Our take is slightly different. We believe the Brits, at the urging of the Yanks, probably were positioned in questionable waters deliberately to provoke the Iranians. The latter were duped to respond and seize the fifteen British sailors, thus giving the coalition a perfect excuse to initiate their bombing campaign of Iran on schedule, three days from now on Friday, 6 April.
Iran’s new hostage crisis
By Juan Cole
By seizing 15 British sailors, the embattled Iranians aim to rally anti-Western sentiment and force the Brits from Iraq.
The lofty invocations of international law by the British and Iranian governments disguise the banal origins of their current dispute: used cars. The British naval personnel had boarded an Indian vessel they thought was smuggling old automobiles into Iraq. Tehran maintains that they then veered into Iranian waters.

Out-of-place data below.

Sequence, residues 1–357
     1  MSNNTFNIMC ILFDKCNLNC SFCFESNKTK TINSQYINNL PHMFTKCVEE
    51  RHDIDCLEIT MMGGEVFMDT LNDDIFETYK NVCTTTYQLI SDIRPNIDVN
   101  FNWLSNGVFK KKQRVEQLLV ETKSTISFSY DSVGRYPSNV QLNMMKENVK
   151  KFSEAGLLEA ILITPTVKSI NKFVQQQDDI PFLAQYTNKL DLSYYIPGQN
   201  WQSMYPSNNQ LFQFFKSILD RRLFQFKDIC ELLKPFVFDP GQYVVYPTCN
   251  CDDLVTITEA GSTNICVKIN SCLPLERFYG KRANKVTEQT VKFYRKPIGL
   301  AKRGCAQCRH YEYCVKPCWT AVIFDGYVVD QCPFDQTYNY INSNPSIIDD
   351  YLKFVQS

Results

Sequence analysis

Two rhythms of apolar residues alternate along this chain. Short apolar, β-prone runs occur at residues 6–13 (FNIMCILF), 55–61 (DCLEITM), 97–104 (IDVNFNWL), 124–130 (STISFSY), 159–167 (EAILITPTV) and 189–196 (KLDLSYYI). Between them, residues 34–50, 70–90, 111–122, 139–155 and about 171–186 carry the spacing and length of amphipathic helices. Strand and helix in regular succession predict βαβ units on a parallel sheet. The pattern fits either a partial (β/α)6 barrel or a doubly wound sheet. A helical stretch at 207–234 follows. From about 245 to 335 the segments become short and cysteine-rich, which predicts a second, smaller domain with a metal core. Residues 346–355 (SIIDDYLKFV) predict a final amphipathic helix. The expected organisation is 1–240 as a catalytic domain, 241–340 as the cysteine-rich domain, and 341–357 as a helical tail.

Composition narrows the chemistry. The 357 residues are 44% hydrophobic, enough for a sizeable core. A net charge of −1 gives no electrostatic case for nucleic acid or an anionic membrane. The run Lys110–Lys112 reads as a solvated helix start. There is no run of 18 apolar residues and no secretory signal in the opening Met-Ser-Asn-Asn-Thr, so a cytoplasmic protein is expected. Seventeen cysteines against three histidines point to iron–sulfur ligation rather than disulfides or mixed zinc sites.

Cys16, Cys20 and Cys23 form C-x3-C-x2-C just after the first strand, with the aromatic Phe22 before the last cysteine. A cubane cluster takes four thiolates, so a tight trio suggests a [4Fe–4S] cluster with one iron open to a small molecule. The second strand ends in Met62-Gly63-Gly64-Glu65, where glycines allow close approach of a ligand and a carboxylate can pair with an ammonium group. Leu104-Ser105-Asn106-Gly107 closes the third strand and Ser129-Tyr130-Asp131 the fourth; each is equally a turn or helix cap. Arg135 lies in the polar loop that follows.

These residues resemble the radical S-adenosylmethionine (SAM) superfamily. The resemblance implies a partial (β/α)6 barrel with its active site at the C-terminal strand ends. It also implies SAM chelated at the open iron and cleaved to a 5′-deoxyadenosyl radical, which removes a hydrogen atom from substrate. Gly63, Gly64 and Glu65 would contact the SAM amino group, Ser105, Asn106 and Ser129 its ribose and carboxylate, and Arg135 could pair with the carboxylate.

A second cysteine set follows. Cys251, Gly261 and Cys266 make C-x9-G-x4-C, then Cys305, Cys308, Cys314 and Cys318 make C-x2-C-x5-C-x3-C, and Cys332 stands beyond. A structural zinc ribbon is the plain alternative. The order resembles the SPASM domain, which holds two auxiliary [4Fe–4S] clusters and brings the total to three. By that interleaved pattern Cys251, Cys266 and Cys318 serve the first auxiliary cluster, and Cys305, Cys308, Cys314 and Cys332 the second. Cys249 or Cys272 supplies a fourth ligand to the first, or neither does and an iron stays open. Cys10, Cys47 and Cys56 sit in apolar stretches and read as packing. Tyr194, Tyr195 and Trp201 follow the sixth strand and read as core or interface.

It is not really about used cars, of course, but rather an unpopular and isolated Iranian government attempting to rally support and strengthen itself. The capture by Iranian Revolutionary Guards of 15 British sailors and marines on March 23 has set off a diplomatic crisis and mobilized the public in both Britain and Iran. The ever combative Iranian President Mahmoud Ahmadinejad declared Saturday “that instead of apologizing to the Iranian nation, the British were acting as if Iran owed them something.” A member of the Parliament in Tehran called for the British personnel to be tried for espionage, while the Iranian Embassy in Thailand asked other nations to denounce what it called a British trespass into its sovereign territory. On Sunday, a small crowd of some 200 demonstrators threw stones and firecrackers at the British Embassy in Tehran.
Read the rest here.